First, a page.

1. Enable AutoInjection on the Namespace you are about to deploy to:

    apiVersion: v1
    kind: Namespace
    metadata:
      name: default # change this to your namespace if you're not using 'default'
      annotations:
        linkerd.io/inject: enabled

    Save the above to a file called namespace.yaml and run kubectl apply -f namespace.yaml. This will enable the namespace to be handled by the AutoInjection Webhook of Linkerd2. Every time something is deployed to that namespace, the deployment is passed to the AutoInject Controller and injected with the Linkerd2 proxy sidecar automatically.

  2. Deploy the QOTM demo application.

    ---
    apiVersion: extensions/v1beta1
    kind: Deployment
    metadata:
      name: qotm
    spec:
      replicas: 1
      strategy:
        type: RollingUpdate
      template:
        metadata:
          labels:
            app: qotm
        spec:
          containers:
          - name: qotm
            image: datawire/qotm:1.7
            ports:
            - name: http-api
              containerPort: 5000
            env:
            - name: POD_IP
              valueFrom:
                fieldRef:
                  fieldPath: status.podIP
            readinessProbe:
              httpGet:
                path: /health
                port: 5000
              initialDelaySeconds: 30
              periodSeconds: 3
            resources:
              limits:
                cpu: "0.1"
                memory: 100Mi

    Save the above to a file called qotm.yaml and deploy it with

    kubectl apply -f qotm.yaml

    Watch via kubectl get pod -w as the Pod is created. Note that it starts with 0/2 containers automatically, as it has been auto-injected by the Linkerd2 Webhook.

  3. Verify the QOTM pod has been registered with Linkerd2. You can verify the QOTM pod is registered correctly by accessing the Linkerd2 Dashboard.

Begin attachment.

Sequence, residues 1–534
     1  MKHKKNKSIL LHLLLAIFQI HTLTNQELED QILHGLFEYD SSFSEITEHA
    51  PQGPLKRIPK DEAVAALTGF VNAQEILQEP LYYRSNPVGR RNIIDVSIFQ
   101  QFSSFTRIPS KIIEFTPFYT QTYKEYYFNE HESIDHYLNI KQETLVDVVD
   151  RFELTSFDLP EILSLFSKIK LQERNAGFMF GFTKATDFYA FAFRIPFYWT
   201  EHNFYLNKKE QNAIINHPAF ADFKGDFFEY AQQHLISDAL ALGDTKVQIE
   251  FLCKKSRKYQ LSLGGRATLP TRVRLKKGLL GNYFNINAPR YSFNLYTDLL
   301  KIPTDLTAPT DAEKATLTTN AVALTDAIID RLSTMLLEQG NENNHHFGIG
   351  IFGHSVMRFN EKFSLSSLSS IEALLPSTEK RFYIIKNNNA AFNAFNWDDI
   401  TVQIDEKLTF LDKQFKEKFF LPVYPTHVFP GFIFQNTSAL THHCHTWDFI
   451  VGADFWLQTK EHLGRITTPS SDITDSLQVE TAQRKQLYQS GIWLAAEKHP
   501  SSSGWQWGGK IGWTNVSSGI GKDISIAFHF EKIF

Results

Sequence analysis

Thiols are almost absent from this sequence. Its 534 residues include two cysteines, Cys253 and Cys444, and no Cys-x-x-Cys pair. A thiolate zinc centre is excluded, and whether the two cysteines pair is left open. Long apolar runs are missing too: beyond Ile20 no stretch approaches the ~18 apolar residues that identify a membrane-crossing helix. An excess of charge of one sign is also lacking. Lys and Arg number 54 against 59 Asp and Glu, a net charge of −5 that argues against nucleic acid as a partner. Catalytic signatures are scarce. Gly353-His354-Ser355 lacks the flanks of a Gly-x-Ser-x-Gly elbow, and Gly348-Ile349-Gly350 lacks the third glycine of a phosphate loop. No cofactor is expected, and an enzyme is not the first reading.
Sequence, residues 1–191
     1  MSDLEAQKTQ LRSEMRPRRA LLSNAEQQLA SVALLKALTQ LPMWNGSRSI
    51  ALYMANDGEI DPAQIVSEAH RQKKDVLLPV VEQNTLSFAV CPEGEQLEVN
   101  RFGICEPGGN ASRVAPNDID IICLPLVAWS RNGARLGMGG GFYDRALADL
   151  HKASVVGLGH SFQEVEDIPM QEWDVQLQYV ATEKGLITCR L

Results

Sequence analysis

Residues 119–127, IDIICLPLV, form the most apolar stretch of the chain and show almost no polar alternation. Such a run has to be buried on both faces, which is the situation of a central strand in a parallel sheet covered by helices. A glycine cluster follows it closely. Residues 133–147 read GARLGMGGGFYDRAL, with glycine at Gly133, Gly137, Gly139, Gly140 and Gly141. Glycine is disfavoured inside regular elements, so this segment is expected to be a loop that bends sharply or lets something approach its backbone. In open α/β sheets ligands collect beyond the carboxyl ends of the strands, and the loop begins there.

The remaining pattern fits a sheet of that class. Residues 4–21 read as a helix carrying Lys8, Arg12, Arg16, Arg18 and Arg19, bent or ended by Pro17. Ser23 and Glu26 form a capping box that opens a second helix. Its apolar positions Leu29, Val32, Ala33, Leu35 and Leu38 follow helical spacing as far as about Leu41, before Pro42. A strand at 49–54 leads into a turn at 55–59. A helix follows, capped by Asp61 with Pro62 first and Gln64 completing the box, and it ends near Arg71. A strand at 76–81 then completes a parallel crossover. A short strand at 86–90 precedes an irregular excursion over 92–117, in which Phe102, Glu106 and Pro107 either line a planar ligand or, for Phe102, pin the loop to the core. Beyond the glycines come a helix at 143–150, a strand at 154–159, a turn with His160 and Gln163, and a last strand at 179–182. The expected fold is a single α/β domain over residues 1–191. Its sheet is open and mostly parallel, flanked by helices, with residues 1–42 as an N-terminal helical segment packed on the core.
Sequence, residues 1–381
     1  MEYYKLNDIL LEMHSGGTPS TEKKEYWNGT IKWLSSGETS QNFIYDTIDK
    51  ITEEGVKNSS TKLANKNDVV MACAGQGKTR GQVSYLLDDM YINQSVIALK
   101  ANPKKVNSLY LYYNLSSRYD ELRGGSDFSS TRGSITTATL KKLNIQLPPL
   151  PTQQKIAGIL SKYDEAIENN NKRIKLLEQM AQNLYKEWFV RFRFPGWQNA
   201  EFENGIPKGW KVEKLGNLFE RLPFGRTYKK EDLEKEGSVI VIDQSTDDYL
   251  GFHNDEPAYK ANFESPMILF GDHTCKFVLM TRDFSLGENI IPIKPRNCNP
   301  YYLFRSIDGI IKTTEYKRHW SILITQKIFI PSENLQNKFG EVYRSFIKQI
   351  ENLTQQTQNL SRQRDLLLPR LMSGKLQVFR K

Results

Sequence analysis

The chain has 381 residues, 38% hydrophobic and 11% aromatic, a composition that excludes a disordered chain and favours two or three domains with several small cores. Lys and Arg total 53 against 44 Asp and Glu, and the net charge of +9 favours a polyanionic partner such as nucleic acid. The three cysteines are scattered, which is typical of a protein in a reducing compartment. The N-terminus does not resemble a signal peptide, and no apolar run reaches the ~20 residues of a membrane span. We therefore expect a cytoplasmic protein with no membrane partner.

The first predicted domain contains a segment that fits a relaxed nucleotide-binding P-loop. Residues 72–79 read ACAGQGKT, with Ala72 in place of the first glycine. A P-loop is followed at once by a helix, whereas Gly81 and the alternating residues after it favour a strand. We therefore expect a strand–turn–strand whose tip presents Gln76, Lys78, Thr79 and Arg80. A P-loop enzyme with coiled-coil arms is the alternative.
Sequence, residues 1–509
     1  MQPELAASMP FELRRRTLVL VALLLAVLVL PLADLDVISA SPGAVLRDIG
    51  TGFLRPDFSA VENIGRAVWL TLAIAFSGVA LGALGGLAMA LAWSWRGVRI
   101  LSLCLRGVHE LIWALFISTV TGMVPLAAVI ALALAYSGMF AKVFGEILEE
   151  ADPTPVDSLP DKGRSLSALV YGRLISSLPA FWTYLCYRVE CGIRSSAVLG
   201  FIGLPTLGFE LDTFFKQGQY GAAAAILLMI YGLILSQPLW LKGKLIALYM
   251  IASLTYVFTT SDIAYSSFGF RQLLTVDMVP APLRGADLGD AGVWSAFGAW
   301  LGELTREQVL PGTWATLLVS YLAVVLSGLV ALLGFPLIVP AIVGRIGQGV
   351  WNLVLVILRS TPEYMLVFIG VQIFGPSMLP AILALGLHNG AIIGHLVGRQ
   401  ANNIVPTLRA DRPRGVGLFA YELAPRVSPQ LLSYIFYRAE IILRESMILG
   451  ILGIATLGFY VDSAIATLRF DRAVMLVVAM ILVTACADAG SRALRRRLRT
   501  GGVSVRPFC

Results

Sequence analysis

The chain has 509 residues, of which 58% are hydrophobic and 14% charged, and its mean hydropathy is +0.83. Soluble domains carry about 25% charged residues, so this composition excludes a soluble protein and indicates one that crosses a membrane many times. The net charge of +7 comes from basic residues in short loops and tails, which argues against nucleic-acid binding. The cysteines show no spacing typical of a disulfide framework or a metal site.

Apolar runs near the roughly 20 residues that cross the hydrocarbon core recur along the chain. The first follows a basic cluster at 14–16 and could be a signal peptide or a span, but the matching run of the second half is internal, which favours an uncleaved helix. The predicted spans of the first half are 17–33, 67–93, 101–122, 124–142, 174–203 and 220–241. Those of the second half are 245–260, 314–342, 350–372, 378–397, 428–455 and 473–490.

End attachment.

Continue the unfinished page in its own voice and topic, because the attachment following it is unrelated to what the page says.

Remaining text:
linkerd dashboard

    You browser should automatically open the correct URL. Otherwise note the output from the above command and open that in a browser of your choice.

  4. Create a Mapping for the qotm-Linkerd2 service.

    ---
    apiVersion: getambassador.io/v1
    kind: Mapping
    metadata:
     name: linkerd2-qotm
    spec:
     prefix: /qotm-linkerd2/
     service: qotm-linkerd2

    Save the above YAML to a file named qotm-mapping.yaml, and apply it with

    kubectl apply -f qotm-mapping.yaml

    to apply this configuration to your Kubernetes cluster. Note that in the above config there is nothing special to make it work with Linkerd2. The general config for Ambassador already adds Linkerd Headers when forwarding requests to the service mesh.

  5. Send a request to the qotm-Linkerd2 API.

    curl http://$AMBASSADOR_IP/qotm-Linkerd2/
    
    {"hostname":"qotm-749c675c6c-hq58f","ok":true,"quote":"The last sentence you read is often sensible nonsense.","time":"2019-03-29T22:21:42.197663","version":"1.7"}

Congratulations! You're successfully routing traffic to the QOTM application, the location of which is registered in Linkerd2. The traffic to Ambassador is not TLS secured, but from Ambassador to the QOTM an automatic mTLS connection is being used.

If you now configure TLS termination in Ambassador, you have an end-to-end secured connection.

More information

For more about Ambassador's integration with Linkerd2, read the service discovery configuration documentation.